Leaky gut describes a damaged intestinal lining. It’s a casual term for the scientific phrase “intestinal hyperpermeability”. Millions of people are walking around with leaky guts. You could be one of them. It’s a truly fascinating realization and an eye-opening diagnosis.
Our gut is our digestive tract – the long tube that starts from our mouth and ends at our anus. The intestinal tube’s wall (or lining) is thin and permeable – it’s supposed to be. There are little gaps between the cells of our gut lining called “tight junctions” that open and close in order to allow nutrients from the foods we eat to permeate into our bloodstream and ultimately into our cells.
What happens if our gut lining is damaged? Then those tiny gaps between the cells of the intestinal wall open up more. The normal permeability of the gut lining is now hyper-permeable, or what we call “leaky.” The tiny gaps are now big holes, and things that typically should not permeate through the intestinal wall can now pass through, such as partially digested food particles and bacterial toxins. Once they exit out of a leaky gut, they pass into our bloodstream and tissues where they aren’t welcomed or expected, so our immune system is alerted and begins to launch an inflammatory attack. This inflammatory attack can become chronic, leading to chronic inflammation and oftentimes autoimmune disease. Substances like lipopolysaccharides (LPS) – toxic compounds produced by bacteria – can also pass through a leaky gut and affect the brain. This can result in poor memory, difficulty concentrating, and brain fog.
In Functional Medicine, leaky gut can lead to a whole host of disorders and diseases, including autoimmune diseases like Hashimoto’s thyroiditis, Crohn’s, and rheumatoid arthritis. I am vigilant with testing my Functional Medicine patients in Whittier for leaky gut, especially if they have digestive issues, autoimmune disease, or a family history of autoimmune disease.
What Health Problems Can Be Caused by Leaky Gut?
Leaky gut can lead to a wide variety of symptoms and disorders such as:
- Autoimmune diseases
- Skin rashes, eczema, and acne
- Histamine intolerance
- Yeast (candida) overgrowth
- Brain fog / difficulty concentrating
- Digestive upset
- Diarrhea or constipation
- Joint pain
- Nutritional deficiencies
What Causes Leaky Gut?
Possible causes of increased intestinal permeability (leaky gut) include:
- Intestinal bacterial infections
- Ingestion of allergenic foods or toxic chemicals
- Deficient secretory IgA, an important immune system antibody found in abundance in the intestinal mucosal lining
- Bacterial endotoxins, such as lipopolysaccharides (LPS’s)
- Mycotoxins – toxic products produced by mold which we inhale or ingest
- NSAIDs (Ibuprofen, Advil, Naproxen)
How To Test For Leaky Gut
I commonly run two Functional Medicine labs to test for leaky gut. The first is the GI-MAP gut microbial test. It contains multiple markers for various strains of bacteria, yeasts, and other microbes in the gut, as well as a biomarker for zonulin. Zonulin is a protein that opens up the tight junctions between the cells of the intestinal wall. The more zonulin, the greater the gut permeability. Zonulin release is triggered primarily by gluten and bacteria. Because the GI-MAP offers so much information on gut microbial health, digestive health, inflammation, and zonulin levels, this is a very popular test that I run for the great majority of my Functional Medicine patients.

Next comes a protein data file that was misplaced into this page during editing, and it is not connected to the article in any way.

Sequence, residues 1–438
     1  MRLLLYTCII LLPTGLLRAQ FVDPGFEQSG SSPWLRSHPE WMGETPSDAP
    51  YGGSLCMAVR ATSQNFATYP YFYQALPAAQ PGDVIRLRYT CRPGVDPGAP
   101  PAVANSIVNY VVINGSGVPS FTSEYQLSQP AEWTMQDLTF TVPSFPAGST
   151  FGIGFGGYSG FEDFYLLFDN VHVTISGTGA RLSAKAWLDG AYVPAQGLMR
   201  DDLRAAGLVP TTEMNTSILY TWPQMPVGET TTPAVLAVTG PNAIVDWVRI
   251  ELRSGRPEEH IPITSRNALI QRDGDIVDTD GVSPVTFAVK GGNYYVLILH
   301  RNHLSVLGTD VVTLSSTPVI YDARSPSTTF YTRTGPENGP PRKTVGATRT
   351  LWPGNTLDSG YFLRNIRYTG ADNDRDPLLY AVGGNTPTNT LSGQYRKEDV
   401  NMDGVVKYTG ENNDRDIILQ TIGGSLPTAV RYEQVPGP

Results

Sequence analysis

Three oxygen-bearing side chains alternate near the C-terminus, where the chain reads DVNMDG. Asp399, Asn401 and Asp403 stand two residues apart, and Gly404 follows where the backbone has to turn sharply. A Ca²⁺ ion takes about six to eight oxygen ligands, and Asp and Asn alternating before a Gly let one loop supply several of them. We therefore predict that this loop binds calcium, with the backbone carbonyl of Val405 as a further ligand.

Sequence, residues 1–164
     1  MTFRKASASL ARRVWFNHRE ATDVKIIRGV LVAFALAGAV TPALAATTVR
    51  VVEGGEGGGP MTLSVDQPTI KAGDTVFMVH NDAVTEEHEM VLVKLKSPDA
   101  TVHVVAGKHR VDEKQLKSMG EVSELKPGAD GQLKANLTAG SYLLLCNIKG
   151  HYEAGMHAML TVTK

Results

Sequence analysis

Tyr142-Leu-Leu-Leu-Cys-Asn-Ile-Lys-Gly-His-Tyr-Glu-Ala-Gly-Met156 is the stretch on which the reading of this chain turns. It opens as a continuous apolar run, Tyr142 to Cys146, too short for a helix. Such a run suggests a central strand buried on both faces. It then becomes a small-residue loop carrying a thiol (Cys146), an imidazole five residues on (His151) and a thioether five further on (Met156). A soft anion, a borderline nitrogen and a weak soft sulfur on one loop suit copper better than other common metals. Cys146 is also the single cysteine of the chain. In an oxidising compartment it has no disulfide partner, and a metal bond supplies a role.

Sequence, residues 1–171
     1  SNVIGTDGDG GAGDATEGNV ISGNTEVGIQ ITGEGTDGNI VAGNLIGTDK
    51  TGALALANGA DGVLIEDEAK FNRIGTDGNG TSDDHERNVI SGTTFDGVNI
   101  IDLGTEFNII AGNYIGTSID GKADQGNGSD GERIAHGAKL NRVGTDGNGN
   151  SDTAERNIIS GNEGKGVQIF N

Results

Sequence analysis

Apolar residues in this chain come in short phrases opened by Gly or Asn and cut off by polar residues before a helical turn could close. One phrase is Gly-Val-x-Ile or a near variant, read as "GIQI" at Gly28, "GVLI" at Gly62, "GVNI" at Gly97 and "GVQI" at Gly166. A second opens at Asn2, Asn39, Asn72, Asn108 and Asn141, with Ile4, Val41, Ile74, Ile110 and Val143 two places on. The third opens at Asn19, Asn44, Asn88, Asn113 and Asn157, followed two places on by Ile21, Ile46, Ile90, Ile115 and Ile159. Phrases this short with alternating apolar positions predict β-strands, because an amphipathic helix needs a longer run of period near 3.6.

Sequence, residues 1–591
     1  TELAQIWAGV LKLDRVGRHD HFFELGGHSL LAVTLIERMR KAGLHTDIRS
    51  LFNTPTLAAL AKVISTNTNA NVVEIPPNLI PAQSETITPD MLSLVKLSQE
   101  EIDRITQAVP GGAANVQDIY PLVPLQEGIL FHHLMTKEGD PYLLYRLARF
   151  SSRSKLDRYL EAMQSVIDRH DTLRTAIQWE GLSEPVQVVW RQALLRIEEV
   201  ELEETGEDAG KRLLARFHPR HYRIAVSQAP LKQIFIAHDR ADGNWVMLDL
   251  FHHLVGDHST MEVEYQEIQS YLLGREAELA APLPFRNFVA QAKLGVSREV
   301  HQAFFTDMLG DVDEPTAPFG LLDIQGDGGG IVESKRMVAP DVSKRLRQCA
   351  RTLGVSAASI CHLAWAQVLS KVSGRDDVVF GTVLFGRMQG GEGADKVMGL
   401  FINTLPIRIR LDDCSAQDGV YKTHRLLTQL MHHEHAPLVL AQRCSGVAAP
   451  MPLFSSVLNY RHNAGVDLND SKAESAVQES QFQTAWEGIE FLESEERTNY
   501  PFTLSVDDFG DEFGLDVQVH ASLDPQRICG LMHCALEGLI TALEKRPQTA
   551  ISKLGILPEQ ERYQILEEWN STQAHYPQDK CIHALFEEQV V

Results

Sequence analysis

The second Functional Medicine diagnostic test I run is an Intestinal Permeability test, also known as a leaky gut test. This test directly measures the ability of two non-metabolized sugar molecules, lactulose and mannitol, to permeate the intestinal mucosa. The degree of intestinal permeability or malabsorption is reflected in the levels of the two sugars recovered in a urine sample.
How To Heal A Leaky Gut
1. Eliminate Offending Factors
One of the most common offending factors are hidden food sensitivities. Another common offending factor is inflammatory foods like refined carbohydrates, sugars, alcohol, dairy, and industrial meats. Stress, as always, is an offending factor in a multitude of health disorders including leaky gut.
2. Eradicate Hidden Gut Infections
Bacteria and yeast can overgrow in the gut when we are chronically stressed, when we consume too many processed carbs and sugars, when we don’t get quality sleep, and when we don’t eat enough whole, fibrous plant foods. These hidden gut infections can cause our guts to become leaky. Fortunately, there are effective antimicrobial herbs and supplements that can eradicate these hidden infections, such as MicroDefense by PureEncapsulations. And of course, we want to cut off their food supply, which is sugars and refined carbohydrates.
3. Take Probiotics
Probiotic-rich fermented foods like sauerkraut, kefir, and kimchi will reinoculate your microbiome with good bacteria. This is especially important if you’ve recently had a round of antibiotics, take ibuprofen or NSAIDs, or have been under a lot of stress. A probiotic supplement can also infuse your gut with a variety of strains of beneficial bacteria.
When treating leaky gut, a particular probiotic I often offer is Ortho Biotic which contains 7 proven bacterial strains including saccharomyces boulardii. This is a yeast-based probiotic that is uniquely effective in increasing SIgA, an antibody found in your mucosal lining that serves as your immune system’s front line soldiers. SIgA is considered your first line of defense against pathogens including viruses like coronavirus. People with leaky gut syndrome often have low levels of SIgA.